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Nutrición Hospitalaria

versión On-line ISSN 1699-5198versión impresa ISSN 0212-1611

Nutr. Hosp. vol.38 no.6 Madrid nov./dic. 2021  Epub 07-Feb-2022 

Carta al Director

Beyond sample size estimation in clinical univariate analysis. An online calculation for structural equation modeling and network analysis on latent and observable variables

Cristian Antony Ramos-Vera1 

1Área de investigación. Facultad de Ciencias de la Salud. Universidad César Vallejo y Sociedad Peruana de Psicometría. Lima, Perú

Dear Editor,

A recent study in the present journal presented some methodological recommendations for sample size in research involving confirmatory factor analysis (1); these latent variable models (not directly measurable) are in line with the structural equation method (SEM) used beyond instrument validation to address more complex research questions and to test models with multiple latent and observable variables in a single investigation (2).

A meta-analysis of 74 articles found that about 80 % of investigations are based on insufficient sample sizes (3). Therefore, it is essential to present a method for estimating sample size in SEM models by analyzing statistical power, effect size, probability level, number of latent variables, and observed variables to evaluate multiple clinical hypotheses (4).

We considered the minimum statistical power criterion value of 0.80 or greater magnitude with a probability level α (0.05) applied to any research design employing a probability or nonprobability sampling technique in SEM study data collection (2). The sample calculation was performed using an online calculator (4), where a minimum sample size accessible to any health sciences professional or researcher can be obtained. As an example, the study by Trujillo-Hernández et al. (5) presented a structural model for a measure of self-efficacy of eating behavior in 467 Mexican adolescents, which has 16 observable variables and four latent variables; with an anticipated effect size of 0.30 (recommended for instrumental SEM research), a desired probability of 0.05 and a statistical power level of 0.95, the minimum recommended size is 207 participants. Such finding indicates that the previous study included a suitable sample according to the complexity of the SEM model. This favors the selection of the best SEM model considering the a priori sample power analysis that provides greater confidence in the clinical conclusions as a first step to take into account in the identification of the most acceptable structure of the models evaluated, given the estimation of the evidence of the reported parameters (6).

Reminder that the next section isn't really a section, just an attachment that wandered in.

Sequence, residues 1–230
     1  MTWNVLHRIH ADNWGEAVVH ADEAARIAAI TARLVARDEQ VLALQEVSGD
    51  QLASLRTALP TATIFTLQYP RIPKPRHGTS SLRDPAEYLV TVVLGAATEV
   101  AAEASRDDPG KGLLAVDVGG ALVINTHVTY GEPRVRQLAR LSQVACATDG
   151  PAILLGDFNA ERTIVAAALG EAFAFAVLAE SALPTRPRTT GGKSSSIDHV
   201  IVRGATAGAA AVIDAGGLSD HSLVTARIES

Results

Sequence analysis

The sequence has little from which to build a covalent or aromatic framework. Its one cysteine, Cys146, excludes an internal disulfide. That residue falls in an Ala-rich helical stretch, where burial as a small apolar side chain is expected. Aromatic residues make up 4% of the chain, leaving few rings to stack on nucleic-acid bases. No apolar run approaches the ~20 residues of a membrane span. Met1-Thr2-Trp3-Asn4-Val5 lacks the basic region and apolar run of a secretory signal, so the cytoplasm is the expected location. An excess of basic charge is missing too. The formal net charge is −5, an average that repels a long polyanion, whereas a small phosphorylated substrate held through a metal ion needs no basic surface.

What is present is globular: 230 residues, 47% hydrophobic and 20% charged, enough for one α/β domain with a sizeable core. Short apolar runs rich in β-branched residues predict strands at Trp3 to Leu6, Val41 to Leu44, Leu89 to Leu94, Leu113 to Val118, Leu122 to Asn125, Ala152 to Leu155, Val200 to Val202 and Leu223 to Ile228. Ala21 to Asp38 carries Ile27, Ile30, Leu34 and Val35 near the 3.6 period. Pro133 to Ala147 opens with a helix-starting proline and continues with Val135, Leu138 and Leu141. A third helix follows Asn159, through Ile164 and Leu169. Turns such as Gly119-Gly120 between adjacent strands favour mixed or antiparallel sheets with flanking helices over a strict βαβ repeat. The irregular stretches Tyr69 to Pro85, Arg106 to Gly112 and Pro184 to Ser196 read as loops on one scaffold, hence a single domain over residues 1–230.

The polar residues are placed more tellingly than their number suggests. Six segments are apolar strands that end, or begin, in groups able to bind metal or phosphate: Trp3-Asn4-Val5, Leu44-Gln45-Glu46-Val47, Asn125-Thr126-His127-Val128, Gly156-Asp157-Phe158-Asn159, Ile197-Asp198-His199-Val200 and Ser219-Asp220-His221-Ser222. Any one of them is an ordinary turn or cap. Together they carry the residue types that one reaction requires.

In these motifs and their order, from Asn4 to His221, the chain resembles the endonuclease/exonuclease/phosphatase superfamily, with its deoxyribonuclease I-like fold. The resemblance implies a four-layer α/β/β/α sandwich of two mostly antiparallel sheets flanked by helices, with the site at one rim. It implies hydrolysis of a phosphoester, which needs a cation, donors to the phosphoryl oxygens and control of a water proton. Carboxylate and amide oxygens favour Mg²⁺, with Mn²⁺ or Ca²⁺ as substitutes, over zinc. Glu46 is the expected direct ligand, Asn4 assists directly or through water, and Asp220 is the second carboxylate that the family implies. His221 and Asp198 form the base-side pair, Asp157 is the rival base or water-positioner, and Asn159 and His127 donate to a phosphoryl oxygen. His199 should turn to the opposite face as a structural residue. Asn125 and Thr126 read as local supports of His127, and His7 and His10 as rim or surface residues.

Soper's online calculator (4) also allows determining the minimum sample in multiple regression models and Student's t-statistics. It is also useful for network analyses because of statistical similarity to SEM models (7), with an anticipated effect size adjustment of 0.10 as minimum value of moderate magnitude in partial correlation networks (partial r ≥ 0.10) that are identified as one-dimensional models where all variables in the network are associated.

The Bayes factor (BF) makes it possible to specify a minimum sample with conclusive evidence (BF > 10) of the significant effect beyond the significance values and the various statistical analyses by converting the effect magnitudes (8-10). The minimum effect of interest or the clinically important effect according to previous quantitative systematic studies can also be set as a cut-off point, which is favorable for clinical decision making according to the estimation of the weight of evidence of clinical results (10).


1. Roco Videla A, Hernández Orellana M, Silva González O. ¿Cuál es el tamaño muestral adecuado para validar un cuestionario?Nutr Hosp 2021;38(4):877-8. DOI:10.20960/nh.03633 [ Links ]

2. Kline R. Principles and Practice of Structural Equation Modeling. 3a ed. New York:The Guilford Press;2016. [ Links ]

3. Westland JC. Lower bounds on sample size in structural equation modeling. Electron Commerce Res Appl 2010;9(6):476-87. DOI:10.1016/j.elerap.2010.07.003 [ Links ]

4. Soper DS. A-priori Sample Size Calculator for structural equation models;2020. Available from: ]

5. Trujillo-Hernández PE, Flores Peña Y, Gómez Melasio DA, Lara Reyes BJ, Ángel García J, Gutiérrez Valverde JM. Análisis de las propiedades psicométricas de la Escala de Autoeficacia de la Conducta Alimentaria en adolescentes mexicanos. Nutr Hosp 2021;38(4):821-6. DOI:10.20960/nh.03501 [ Links ]

6. Grace JB. A 'Weight of Evidence'approach to evaluating structural equation models. One Ecosystem 2020;5:e50452. DOI:10.3897/oneeco.5.e50452 [ Links ]

7. Van Bork R, Rhemtulla M, Waldorp LJ, Kruis J, Rezvanifar S, Borsboom D. Latent Variable Models and Networks:Statistical Equivalence and Testability. Multivariate Behav Res 2021;56(2):175-98. DOI:10.1080/00273171.2019.1672515 [ Links ]

8. Ramos-Vera CA. The use of Bayes factor in clinical cardiology research. Rev Esp Cardiol 2021;74(7):641-2. DOI:10.1016/j.rec.2021.01.020 [ Links ]

9. Ramos-Vera CA. The Bayes Factor, a Suitable Complement beyond Values of p<0.05 in Nursing Research and Education. Invest Educ Enferm 2021;39(1):e14. DOI:10.17533/udea.iee.v39n1e14 [ Links ]

10. Ramos-Vera C. Quantitative weight of evidence (QWOE) in clinical decision making for significant results. Nutr Hosp 2021. DOI:10.20960/nh.03701 [ Links ]

Conflict of interest:

the author declares no conflicts of interest.

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